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Oil demand faces mounting risks as escalating global trade tensions begin to drag on global trade and economic activity.
That’s the view of oil and gas analysts at BMI Research, who said they forecast “a small slowdown in oil demand growth in 2019”, in a report sent to Rigzone.
“Trade tensions are mounting globally, catalyzed by the increasing protectionism of US trade policy. Tensions are most acute between the US and China, with the US imposing tariffs on $34 billion of Chinese goods and China responding in kind,” the analysts said in the report.
“US President Trump is now targeting an additional $200 billion worth of tariffs, which would mark a significant deterioration of trade relations between the two. Given their importance in the global economy, the ripple effects would be substantial. There are already signs that global trade growth has begun to slow,” the analysts added.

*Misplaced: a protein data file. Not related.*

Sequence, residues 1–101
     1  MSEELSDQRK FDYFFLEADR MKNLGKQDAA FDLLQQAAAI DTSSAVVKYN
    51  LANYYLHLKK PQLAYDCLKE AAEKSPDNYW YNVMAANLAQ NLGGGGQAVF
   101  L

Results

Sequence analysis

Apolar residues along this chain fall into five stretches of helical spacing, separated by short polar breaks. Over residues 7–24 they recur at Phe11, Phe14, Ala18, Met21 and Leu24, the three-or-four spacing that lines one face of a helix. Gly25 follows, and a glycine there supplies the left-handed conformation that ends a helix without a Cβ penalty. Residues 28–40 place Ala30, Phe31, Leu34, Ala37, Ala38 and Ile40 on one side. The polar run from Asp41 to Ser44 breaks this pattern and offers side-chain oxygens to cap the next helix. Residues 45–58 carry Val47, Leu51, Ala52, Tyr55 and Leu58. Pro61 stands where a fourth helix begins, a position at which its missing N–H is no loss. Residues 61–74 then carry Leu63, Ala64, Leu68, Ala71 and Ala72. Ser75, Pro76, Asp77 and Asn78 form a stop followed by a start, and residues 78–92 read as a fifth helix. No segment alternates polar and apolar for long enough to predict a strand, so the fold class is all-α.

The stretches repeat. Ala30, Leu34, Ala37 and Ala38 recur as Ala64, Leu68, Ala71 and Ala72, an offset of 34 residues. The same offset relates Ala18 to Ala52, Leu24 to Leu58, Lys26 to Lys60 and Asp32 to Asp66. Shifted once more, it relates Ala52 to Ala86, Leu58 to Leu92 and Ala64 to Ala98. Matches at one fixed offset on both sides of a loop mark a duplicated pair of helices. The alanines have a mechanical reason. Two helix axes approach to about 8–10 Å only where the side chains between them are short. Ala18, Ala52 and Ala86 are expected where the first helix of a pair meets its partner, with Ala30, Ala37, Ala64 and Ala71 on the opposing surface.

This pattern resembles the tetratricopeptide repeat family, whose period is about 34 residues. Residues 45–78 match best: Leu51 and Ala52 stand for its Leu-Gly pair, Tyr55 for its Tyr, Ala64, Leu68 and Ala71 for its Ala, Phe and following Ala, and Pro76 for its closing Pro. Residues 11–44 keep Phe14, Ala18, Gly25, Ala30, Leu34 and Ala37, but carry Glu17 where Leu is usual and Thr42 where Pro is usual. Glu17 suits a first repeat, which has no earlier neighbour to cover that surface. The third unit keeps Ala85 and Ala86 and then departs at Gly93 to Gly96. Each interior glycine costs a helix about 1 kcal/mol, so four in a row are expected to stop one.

BMI said slowing trade growth will weigh on physical demand for oil, “with the shipping, road and air freight sectors an important pillar of demand globally”.
The report highlighted that despite US-China trade “tensions”, the economic outlook is “broadly positive” but warned that “a number of headwinds are emerging”.
“Not least a stronger dollar, rising inflationary pressures and tightening liquidity,” the analysts said.
“This could harm demand from the industrial sector also, further pressing on global growth,” the analysts added.
Much of the strength in oil demand in recent years has stemmed from developed rather than emerging markets, according to BMI.
“This has been due both to a slowdown in EM [emerging market] demand and a pick up among a number of key DMs [developed markets], largely the US,” BMI analysts said.